France angry with Poland after it scraps Airbus deal

This picture taken on Feb 24, 2016, shows a French Caracal helicopter prior to an air-to-air refuelling exercise in Cazaux.
This picture taken on Feb 24, 2016, shows a French Caracal helicopter prior to an air-to-air refuelling exercise in Cazaux.PHOTO: AFP

PARIS (Reuters) - France reacted angrily on Friday (Oct 7) after Poland scrapped a multi-billion-dollar helicopter deal with Airbus, warning it would review defence cooperation with its Nato ally and cancelling a presidential visit to Warsaw.

Poland had agreed to buy 50 Airbus utility helicopters in April 2015 for 13.5 billion zlotys (S$4.8 billion) as part of efforts to modernise its military at a time of tensions with Russia.

Its previous centrist government, beaten by the Law and Justice (PiS) party in elections last October, had agreed the provisional deal, but on Oct 4 the new authorities said they were scrapping the contract altogether.

Members of the new eurosceptic government have said they would rather see the deal awarded to a company that could build the helicopters locally.

"The Franco-Polish bilateral relationship will undeniably be extremely affected by this decision," a French source close to the matter said.

"The contract's cancellation will force us to review all the defence cooperation that we have with Poland and see what can be maintained and sadly what can't in the current context."

Without indicating which investments, the source added that the French government, which holds roughly 11 per cent in Airbus, would advise the firm to review its strategy in the country, including investments that had already been made.

A source in the French presidency had earlier said President Francois Hollande had decided to cancel a visit to Warsaw next week for intergovernmental consultations, in protest.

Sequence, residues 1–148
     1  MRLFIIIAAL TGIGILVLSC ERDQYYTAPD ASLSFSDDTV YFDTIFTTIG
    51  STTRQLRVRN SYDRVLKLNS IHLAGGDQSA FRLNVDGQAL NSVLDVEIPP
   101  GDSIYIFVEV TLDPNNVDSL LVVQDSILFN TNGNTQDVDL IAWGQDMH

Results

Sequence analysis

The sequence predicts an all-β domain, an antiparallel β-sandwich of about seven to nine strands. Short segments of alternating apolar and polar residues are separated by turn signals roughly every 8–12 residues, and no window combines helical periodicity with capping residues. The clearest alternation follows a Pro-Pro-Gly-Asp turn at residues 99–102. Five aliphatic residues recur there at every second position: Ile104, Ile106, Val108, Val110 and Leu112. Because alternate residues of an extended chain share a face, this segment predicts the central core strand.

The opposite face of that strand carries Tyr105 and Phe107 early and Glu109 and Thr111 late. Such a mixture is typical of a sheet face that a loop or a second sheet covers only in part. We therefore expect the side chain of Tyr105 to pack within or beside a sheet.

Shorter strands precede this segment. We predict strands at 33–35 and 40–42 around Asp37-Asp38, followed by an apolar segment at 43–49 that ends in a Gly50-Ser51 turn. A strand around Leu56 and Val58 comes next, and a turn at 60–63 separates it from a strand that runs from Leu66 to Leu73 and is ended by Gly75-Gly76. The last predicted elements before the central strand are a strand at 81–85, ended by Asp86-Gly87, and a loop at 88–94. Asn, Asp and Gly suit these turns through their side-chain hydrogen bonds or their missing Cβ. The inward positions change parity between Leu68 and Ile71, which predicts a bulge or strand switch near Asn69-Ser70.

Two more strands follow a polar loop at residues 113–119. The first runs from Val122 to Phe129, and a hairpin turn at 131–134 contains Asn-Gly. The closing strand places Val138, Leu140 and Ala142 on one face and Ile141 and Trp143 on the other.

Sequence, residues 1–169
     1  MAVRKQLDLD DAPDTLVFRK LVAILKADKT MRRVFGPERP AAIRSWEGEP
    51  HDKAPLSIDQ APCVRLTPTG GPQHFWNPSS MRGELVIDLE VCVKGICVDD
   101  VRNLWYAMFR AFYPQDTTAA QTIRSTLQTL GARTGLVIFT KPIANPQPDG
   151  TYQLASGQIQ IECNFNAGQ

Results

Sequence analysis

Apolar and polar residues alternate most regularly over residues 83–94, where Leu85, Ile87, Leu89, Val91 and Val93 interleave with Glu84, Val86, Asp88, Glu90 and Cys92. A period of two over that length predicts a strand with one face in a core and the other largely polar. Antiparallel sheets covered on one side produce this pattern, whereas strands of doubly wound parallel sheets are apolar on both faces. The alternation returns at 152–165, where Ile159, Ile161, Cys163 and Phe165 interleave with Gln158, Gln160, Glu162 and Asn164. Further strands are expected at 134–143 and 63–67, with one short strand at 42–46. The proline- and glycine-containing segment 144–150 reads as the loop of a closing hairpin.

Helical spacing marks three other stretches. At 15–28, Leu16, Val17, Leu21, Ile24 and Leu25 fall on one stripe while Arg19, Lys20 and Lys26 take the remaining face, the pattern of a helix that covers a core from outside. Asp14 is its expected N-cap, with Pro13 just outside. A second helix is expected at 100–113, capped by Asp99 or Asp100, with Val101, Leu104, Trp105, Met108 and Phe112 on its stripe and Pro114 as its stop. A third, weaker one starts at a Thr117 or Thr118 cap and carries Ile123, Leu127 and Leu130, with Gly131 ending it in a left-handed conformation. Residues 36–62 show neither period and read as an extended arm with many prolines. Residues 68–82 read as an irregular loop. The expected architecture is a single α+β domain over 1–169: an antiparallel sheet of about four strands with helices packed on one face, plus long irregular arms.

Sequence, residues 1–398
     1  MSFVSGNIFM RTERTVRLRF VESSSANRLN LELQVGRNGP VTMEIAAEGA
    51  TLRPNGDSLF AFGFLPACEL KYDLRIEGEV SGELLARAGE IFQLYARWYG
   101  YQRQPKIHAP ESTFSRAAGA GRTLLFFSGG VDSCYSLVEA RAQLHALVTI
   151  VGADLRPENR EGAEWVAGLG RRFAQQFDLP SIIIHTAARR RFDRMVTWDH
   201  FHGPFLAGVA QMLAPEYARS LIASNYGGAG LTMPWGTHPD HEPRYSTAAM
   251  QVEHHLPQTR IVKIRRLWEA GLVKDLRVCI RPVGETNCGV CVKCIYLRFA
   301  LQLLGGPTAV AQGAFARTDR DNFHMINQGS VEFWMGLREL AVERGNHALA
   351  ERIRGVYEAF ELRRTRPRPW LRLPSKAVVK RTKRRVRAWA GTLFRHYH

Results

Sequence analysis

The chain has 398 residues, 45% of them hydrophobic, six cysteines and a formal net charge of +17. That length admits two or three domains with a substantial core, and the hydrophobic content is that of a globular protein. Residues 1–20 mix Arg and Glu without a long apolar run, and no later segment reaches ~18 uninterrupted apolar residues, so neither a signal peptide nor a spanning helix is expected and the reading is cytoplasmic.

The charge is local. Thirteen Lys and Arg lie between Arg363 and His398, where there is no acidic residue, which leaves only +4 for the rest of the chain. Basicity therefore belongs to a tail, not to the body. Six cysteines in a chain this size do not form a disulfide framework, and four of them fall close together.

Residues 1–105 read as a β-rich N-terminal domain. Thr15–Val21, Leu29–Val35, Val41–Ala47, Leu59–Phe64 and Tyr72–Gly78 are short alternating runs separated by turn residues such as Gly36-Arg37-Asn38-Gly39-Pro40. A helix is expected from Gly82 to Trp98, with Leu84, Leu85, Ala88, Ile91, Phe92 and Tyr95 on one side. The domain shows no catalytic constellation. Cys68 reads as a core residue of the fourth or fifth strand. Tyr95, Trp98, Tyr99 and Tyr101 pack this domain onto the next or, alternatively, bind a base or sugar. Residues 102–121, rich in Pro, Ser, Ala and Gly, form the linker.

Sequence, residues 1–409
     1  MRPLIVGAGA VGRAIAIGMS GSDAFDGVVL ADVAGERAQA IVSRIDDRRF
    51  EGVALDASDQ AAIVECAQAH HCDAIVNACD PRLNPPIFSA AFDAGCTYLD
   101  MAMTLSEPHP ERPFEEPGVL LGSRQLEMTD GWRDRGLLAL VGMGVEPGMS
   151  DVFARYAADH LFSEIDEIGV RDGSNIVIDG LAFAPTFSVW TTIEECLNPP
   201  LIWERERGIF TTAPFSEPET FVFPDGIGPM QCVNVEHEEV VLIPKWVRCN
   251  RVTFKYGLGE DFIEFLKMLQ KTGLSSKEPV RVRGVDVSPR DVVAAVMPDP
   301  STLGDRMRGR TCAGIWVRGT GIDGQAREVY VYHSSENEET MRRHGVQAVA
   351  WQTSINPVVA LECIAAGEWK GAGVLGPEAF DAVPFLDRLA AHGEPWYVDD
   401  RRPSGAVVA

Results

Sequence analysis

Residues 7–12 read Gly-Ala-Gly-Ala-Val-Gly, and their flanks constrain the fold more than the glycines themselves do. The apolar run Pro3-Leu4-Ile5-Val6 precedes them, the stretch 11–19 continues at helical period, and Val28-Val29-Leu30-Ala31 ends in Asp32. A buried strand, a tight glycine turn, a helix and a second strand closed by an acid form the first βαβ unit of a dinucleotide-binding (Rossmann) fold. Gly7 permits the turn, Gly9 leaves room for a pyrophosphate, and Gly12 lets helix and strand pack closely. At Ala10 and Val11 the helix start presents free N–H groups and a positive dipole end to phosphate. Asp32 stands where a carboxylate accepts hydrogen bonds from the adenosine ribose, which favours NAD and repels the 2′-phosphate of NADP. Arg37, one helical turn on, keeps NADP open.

In a speech on Friday, Prime Minister Manuel Valls took a swipe at Poland at a time when the European Union is trying to reinforce its common defence policy in the face of growing concerns over Russian foreign policy, Islamic militancy and the refugee crisis.

"Poland is a big country, but questions need to be asked of Poland, notably its defence industry, after the choices that have just been made," Valls said.

"As far as France is concerned, we're worried because negotiations had started, but also for the very concept of European defence." Polish media has reported that Warsaw has already begun negotiations with US firm Lockheed Martin's Sikorsky, manufacturer of locally-produced Black Hawk helicopters that could be purchased by the Polish army as soon as this year.

As well as boosting Poland's defence industry, buying Sikorsky helicopters could further strengthen Warsaw's ties with Washington, already its closest ally.

"Before we had a centre-right platform that understood it was in Poland's interest to go beyond the US axis and have a bilateral relationship with France and Germany," a French diplomatic source said.

"But clearly the PiS doesn't understand the benefits for Poland, which are frankly huge in its European arena."

Poland's government spokesman and the defence and economy ministries were not immediately available for comment.